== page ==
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the writer of this Foreword. Whatever may have been the intention of the author to choose that designation, I see it as characterising the ambiguity of Portuguese colonial relations in Asia, as analysed in one of my recent essays entitled “Amoras and Amores” [http://bit.ly/s1fbNU]. It was the ambiguous or paradoxical result of the Portuguese colonialism in Goa that defines the essence of the Goan identity today: the Portuguese success permitted the creation of a strong Catholic minority with worlwide support of its international satellite network of emigrants. The Konkani language continues to sustain the cultural bond with the Hindu majority. The Portuguese failed to prevent this despite all their efforts. This may be seen as a unique social partnership that makes Goans proud after 50 years of their Liberation. Teotónio R. de Souza Lisboa, 11 December 2011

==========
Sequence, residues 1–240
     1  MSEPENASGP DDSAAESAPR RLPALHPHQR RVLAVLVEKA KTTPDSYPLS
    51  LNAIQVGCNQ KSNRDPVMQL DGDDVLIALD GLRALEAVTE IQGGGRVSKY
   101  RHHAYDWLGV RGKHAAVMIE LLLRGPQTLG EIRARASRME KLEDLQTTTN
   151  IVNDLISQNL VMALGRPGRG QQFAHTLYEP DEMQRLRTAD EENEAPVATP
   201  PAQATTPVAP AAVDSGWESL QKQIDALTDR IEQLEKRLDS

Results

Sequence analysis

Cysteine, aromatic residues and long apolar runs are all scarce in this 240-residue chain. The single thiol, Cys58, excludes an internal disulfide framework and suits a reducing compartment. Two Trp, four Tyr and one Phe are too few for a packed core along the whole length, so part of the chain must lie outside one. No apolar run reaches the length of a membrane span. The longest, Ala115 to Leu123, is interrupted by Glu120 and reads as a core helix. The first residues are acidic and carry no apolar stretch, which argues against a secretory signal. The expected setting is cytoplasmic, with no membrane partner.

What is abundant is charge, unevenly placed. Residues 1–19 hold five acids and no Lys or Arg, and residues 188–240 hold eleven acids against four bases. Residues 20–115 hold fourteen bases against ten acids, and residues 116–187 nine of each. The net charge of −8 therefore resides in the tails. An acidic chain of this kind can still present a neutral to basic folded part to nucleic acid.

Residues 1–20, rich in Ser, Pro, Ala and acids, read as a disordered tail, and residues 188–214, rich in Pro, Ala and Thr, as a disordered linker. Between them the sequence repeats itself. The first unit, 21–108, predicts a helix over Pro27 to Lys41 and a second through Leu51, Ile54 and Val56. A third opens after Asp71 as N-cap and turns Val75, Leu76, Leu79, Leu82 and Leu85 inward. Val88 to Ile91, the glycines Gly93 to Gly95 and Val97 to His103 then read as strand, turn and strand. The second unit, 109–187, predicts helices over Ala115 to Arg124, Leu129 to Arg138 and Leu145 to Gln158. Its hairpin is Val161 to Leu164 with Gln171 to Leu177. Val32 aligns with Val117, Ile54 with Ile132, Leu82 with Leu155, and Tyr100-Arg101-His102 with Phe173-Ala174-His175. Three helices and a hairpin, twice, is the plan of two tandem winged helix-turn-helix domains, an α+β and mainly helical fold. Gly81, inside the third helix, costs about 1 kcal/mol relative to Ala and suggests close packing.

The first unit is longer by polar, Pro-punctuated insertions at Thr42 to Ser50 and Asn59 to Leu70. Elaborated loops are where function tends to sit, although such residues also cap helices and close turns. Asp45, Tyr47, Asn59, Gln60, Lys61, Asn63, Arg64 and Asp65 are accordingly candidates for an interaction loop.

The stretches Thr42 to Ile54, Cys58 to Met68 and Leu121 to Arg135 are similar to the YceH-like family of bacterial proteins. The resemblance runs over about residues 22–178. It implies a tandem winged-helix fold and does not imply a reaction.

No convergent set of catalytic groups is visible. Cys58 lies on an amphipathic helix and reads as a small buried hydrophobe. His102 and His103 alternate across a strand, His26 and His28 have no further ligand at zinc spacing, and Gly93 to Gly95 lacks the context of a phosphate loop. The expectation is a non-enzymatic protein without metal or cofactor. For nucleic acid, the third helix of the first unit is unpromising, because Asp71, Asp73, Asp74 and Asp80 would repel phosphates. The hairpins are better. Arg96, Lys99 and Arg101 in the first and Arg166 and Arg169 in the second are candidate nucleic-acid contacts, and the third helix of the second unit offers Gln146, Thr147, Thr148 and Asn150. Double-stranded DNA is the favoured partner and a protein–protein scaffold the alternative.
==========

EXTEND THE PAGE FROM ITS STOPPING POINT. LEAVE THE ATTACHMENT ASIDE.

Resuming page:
Head, Department of History, Universidade Lusófona de Humanidades e Tecnologias (Lisboa). Fellow of the Portuguese Academy of History, and of the Sociedade de Geografia de Lisboa. Author, Medieval Goa, and Goa to Me, and editor/co-editor of several other publications relating to the Portuguese in Asia. An updated list of publications may be consulted at http://bit.ly/aBMS9z or http://bit.ly/hiBEwp